CHARLOTTE — Two employees of a Charlotte television station died in a helicopter crash around noon Tuesday in south Charlotte.
The crash occurred near Interstate 77 at Nations Ford Road. MEDIC confirmed that two people were pronounced dead at the scene.
Around 3 p.m. Tuesday, WBTV released a statement confirming that it was the station’s helicopter involved in the crash.
“The WBTV family is mourning a terrible loss. Our Sky3 news helicopter crashed at midday on Tuesday with two of our colleagues on board,” WBTV said in the statement. “Meteorologist Jason Myers and Pilot Chip Tayag lost their lives. We are working to comfort their families during this difficult time. We appreciate the outpouring of support for our staff and your continued prayers for their families.
The FAA issued a statement on Tuesday saying, “A Robinson R44 helicopter crashed near I-77 South and Nations Ford Road in Charlotte, North Carolina at approximately 12:20 p.m. local time today. Two people were at The FAA and the National Transportation Safety Board will investigate. The NTSB will lead the investigation and provide additional updates. Neither agency identifies those involved in plane crashes.
CMPD chief Johnny Jennings said the pilot was a hero in his eyes.
“It appears the pilot flying the plane made diversionary maneuvers to avoid hitting traffic,” Jennings said.
It’s a tragic day in Charlotte. As we enter the festive season, there are now two members of the community who will not be home to spend time with their families. It is a devastating loss and my thoughts and prayers are with their families and our entire community. https://t.co/Z4OfLVeDFT
— Chief Jennings (@cmpdchief) November 22, 2022
Investigators remained at the scene overnight with some lanes of I-77 reopened.
‘This helicopter is going to crash’: Witnesses recount moments as investigators dig into evidence
Carolyn Russ was driving on I-77 when she saw the accident unfold. She told Channel 9 the helicopter crashed right next to her.
“It was flying from side to side…and I knew immediately the helicopter was going to crash,” Russ told Channel 9.
“It started to dive and it turned around and started going north, and it just crashed to the ground right by the side of the freeway right by my car,” Russ added.
Witness Bridget-Ann Hampden said there was no smoke or fire and the wreckage was “eerily quiet”. She said it looked like the pilot was pulling away from the busy freeway.
“I really feel like he deliberately veered off the freeway because he landed. He wasn’t more than five feet from the lane I was in,” Hampden said.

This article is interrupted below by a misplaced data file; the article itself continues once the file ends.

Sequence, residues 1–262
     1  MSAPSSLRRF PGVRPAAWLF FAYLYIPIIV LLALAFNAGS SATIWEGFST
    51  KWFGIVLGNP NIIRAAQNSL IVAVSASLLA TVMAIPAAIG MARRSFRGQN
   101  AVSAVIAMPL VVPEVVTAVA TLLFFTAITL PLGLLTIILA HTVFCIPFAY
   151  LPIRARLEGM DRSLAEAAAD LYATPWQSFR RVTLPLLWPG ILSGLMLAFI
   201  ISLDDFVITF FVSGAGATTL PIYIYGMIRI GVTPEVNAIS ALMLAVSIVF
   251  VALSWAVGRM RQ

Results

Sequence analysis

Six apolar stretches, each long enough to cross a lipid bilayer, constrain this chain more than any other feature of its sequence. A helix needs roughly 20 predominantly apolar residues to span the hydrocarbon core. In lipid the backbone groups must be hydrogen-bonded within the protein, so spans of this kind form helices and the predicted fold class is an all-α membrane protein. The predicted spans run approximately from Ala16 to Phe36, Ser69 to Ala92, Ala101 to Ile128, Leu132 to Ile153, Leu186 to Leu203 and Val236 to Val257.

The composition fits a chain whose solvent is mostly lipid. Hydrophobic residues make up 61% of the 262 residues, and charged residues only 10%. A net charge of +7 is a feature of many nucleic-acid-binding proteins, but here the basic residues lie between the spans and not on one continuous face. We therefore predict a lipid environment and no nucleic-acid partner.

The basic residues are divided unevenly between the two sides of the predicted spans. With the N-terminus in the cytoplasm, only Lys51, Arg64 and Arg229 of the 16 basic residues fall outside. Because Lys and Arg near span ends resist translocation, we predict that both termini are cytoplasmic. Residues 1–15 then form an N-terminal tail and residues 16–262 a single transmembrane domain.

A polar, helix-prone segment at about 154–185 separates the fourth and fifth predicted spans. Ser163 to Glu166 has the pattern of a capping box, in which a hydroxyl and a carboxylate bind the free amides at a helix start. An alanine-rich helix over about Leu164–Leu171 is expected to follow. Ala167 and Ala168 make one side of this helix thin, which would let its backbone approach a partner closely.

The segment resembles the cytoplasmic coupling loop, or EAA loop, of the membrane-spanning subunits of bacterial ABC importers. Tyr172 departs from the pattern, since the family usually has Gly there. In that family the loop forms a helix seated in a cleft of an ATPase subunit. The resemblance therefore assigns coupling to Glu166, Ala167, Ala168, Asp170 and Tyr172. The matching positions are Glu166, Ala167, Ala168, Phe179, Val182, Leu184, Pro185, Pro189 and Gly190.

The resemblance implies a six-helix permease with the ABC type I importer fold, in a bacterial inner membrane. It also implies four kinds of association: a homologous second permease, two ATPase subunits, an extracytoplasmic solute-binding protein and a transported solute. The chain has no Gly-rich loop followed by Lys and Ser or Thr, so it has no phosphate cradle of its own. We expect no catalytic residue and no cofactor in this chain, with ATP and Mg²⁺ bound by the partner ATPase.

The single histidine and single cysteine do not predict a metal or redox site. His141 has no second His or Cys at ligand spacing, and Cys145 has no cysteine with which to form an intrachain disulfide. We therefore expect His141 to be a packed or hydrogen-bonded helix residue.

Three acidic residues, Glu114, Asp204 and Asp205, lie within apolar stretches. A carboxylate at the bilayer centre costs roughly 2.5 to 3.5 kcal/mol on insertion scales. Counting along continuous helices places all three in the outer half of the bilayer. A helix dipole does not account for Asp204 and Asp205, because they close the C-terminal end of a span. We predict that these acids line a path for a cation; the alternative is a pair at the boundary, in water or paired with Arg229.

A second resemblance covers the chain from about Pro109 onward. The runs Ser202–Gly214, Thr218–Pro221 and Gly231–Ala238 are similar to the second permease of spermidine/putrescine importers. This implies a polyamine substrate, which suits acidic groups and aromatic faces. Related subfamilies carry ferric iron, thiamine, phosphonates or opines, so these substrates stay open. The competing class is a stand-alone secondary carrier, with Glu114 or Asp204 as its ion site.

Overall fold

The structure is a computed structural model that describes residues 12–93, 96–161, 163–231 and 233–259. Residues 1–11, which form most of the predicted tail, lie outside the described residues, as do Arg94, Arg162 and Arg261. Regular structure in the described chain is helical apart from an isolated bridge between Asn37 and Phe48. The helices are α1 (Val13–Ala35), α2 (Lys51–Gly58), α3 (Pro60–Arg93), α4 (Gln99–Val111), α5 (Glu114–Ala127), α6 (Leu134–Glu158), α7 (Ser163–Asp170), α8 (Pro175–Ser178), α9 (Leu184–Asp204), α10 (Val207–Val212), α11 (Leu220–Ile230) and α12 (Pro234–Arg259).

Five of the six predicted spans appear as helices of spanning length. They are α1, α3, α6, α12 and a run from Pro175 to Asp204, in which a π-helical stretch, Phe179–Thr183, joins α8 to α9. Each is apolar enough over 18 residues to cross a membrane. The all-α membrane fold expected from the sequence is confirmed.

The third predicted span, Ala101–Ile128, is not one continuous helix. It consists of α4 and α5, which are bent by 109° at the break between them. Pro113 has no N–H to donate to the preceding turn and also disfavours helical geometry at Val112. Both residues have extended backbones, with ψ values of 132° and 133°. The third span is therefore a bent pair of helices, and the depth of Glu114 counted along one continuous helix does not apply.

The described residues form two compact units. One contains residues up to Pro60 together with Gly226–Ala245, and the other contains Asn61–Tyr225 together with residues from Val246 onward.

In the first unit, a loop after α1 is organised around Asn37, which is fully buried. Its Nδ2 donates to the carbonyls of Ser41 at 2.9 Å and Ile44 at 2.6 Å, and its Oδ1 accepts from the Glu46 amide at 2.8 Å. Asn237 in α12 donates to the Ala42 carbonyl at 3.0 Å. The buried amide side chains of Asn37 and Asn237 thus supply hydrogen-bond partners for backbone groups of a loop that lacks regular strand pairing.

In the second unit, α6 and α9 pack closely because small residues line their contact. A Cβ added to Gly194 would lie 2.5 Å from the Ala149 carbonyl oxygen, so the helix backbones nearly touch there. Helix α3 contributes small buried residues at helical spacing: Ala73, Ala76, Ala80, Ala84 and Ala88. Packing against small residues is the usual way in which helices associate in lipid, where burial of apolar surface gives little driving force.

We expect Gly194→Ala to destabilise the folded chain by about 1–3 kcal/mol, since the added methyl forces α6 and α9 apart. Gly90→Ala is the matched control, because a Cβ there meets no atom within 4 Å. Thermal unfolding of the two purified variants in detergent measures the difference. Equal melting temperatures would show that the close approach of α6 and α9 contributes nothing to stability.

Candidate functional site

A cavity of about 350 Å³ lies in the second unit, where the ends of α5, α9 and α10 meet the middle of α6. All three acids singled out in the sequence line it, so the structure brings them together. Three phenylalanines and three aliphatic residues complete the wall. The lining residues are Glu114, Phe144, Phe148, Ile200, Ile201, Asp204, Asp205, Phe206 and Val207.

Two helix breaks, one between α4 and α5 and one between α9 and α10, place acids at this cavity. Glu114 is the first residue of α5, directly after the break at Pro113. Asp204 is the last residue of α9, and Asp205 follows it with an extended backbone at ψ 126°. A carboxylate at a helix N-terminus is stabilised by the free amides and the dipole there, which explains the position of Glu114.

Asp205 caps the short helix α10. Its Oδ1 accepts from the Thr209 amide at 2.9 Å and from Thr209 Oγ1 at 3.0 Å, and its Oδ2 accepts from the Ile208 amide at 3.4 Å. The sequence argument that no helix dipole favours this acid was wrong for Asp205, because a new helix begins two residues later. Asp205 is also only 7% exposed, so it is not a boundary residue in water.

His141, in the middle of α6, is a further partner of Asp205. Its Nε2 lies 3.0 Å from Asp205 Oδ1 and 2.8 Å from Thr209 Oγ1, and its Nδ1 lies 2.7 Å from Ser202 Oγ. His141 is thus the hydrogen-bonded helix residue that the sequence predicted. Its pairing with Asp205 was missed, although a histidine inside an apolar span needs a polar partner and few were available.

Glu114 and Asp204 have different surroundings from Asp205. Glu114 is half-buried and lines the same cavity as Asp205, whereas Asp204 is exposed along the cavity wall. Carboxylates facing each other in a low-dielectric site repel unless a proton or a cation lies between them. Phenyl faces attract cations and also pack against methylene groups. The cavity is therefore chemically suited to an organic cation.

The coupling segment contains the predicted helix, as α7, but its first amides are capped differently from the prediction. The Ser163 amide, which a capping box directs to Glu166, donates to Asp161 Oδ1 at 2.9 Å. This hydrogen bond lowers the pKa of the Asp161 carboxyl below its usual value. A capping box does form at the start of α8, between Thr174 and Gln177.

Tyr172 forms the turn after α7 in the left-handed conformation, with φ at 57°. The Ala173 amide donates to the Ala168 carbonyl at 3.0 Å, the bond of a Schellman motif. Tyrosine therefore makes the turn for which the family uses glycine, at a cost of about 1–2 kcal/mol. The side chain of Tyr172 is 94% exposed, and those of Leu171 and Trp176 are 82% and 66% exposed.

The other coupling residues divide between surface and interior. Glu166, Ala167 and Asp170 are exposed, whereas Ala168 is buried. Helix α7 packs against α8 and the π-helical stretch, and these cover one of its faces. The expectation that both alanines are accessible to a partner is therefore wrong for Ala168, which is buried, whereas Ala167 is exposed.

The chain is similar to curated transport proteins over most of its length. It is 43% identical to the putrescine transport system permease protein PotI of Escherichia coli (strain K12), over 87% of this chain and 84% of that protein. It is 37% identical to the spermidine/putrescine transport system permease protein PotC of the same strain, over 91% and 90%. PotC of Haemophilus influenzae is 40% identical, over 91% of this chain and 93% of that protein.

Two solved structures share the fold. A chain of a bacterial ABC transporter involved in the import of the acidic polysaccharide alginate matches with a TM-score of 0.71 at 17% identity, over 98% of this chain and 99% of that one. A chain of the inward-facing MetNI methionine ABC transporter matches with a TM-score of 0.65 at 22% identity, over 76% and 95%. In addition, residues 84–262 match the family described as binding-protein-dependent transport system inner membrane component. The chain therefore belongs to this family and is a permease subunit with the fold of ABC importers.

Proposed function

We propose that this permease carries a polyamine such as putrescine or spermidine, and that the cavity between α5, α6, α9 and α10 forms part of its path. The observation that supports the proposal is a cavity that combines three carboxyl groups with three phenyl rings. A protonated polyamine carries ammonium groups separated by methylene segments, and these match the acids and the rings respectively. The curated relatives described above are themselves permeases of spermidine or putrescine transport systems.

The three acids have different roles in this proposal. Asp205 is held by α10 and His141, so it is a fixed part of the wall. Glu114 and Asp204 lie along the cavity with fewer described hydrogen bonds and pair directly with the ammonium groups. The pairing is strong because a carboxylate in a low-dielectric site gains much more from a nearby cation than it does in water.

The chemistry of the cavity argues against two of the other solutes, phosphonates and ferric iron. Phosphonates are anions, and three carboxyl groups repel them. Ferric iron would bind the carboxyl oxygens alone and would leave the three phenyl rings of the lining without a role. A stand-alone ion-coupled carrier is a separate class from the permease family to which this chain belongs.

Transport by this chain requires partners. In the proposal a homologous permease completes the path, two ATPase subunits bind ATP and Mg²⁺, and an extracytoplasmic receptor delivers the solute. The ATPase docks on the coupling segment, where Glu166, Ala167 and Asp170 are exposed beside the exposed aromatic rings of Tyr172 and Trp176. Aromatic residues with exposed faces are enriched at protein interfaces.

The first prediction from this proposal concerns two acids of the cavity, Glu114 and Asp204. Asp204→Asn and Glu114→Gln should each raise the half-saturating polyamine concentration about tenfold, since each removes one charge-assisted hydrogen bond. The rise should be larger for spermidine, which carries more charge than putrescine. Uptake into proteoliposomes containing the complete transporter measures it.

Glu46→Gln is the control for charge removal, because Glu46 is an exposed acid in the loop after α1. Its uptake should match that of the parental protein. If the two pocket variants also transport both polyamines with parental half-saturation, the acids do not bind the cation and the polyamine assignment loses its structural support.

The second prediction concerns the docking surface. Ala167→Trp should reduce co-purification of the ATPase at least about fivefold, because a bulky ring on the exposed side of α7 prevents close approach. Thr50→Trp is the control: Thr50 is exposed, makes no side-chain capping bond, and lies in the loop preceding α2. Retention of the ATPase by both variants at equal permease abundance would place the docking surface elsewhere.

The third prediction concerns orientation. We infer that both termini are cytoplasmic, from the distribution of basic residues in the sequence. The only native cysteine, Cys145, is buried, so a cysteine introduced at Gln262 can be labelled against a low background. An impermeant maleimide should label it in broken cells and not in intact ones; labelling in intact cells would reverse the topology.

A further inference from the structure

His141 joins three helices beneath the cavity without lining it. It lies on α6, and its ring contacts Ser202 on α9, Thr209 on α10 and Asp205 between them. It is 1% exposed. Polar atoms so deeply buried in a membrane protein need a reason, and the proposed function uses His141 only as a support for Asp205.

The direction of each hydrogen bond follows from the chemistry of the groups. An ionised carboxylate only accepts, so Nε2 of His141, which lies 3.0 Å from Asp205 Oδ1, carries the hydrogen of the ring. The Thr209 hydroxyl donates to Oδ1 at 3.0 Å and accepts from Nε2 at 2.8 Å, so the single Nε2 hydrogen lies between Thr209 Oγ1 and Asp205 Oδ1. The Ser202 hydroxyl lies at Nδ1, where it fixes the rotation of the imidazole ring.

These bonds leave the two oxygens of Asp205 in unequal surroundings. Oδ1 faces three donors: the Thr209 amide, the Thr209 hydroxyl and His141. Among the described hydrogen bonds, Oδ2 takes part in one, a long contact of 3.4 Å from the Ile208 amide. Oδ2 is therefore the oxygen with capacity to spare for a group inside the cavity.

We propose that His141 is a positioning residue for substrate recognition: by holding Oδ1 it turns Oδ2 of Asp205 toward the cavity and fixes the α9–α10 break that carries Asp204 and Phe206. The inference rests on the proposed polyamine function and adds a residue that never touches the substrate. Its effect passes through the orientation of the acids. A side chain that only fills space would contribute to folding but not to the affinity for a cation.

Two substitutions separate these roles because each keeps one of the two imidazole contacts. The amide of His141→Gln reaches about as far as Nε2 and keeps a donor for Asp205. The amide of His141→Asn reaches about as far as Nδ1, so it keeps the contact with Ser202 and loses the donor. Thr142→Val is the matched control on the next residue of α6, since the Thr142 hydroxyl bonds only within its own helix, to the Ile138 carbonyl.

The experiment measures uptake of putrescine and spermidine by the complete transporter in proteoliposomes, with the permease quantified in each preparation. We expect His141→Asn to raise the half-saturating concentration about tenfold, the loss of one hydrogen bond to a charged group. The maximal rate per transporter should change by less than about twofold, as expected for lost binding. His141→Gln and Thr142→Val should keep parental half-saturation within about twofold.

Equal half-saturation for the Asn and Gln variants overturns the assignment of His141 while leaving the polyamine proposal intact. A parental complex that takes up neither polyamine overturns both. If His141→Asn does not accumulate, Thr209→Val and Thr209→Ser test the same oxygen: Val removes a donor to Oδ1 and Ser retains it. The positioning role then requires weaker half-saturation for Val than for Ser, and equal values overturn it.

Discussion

Hampden said the pilot was a hero.
“Quite frankly, he may have saved my life,” Hampden said. “Because I’m not sure what would have happened, you know? He was so close to me.
Russ said his heart goes out to the families of Tayag and Myers and their WBTV family.
“If you have people you love, tell them you love them while you can,” Russ said.
Channel 9 has learned that the Charlotte District Flight Standards Office with the FAA began surveying the crash site on Tuesday. The local FAA is responsible for reviewing other safety standards for this flight, including flight history, pilot training, and any audio recordings. The NTSB, on the other hand, will be a “recommending authority,” meaning they will come in and determine the probable cause of the accident.
The NTSB said a preliminary report could be released within four to six weeks, but the final report could take 12 to 24 months to release.
An NTSB investigator was scheduled to arrive Tuesday evening and work until Wednesday morning, an agency spokesperson said.
The wreckage will be recovered and transported offsite for further analysis.
The helicopter was a Robinson R-44. Channel 9 asked Bryan Burns, the president of the Air Charter Safety Foundation, about the plane itself.
“It’s a very solid, airworthy trainer, usually for flight schools where people are trying to get their helicopter license,” Burns said.
The NTSB’s final report will most likely contain a probable cause of the crash, along with all contributing factors.
The sky was clear and conditions were relatively calm when the accident occurred.
ABC News aviation expert Jim Nance said it might not matter.
“Helicopters are very affected by the wind, so just because there’s a clear sky above me doesn’t mean everything is clear,” Nance said.
He said the helicopters are “incredibly safe”.
“But when something goes wrong, because it’s a helicopter, our attention is fixed on what happened,” Nance said.
This is a terrible tragedy for the WBTV family and we pray for them and everyone in the media who work so hard to keep the public informed. – CR https://t.co/iVK6pgXLvX
— Governor Roy Cooper (@NC_Governor) November 22, 2022
Our thoughts are with our friends at WBTV on the loss of Jason Myers and Chip Tayag.
We will have a moment of silence at tonight’s Tree Lighting in their honor 💙
— Carolina Panthers (@Panthers) November 22, 2022
Our deepest condolences to the families of Jason and Chip and the entire WBTV team for the loss of these wonderful members of our community.
— Mayor Vi Lyles (@ViLyles) November 22, 2022
It’s heartbreaking to hear stories of Jason Myers and Chip Tayag from their colleagues, but they offer insight into the importance they both had for the @wbtv_news family and our community. We share our condolences with their friends and families at this difficult time.
— City of Charlotte (@CLTgov) November 22, 2022
Our hearts and prayers go out to the families of WBTV helicopter crew Chip Tayag and Jason Myers and the entire WBTV family.
You are valuable partners in informing our region.
— Dena Diorio (@DenaDiorio) November 22, 2022
This is a developing story. Come back with www.wsoctv.com for updates.
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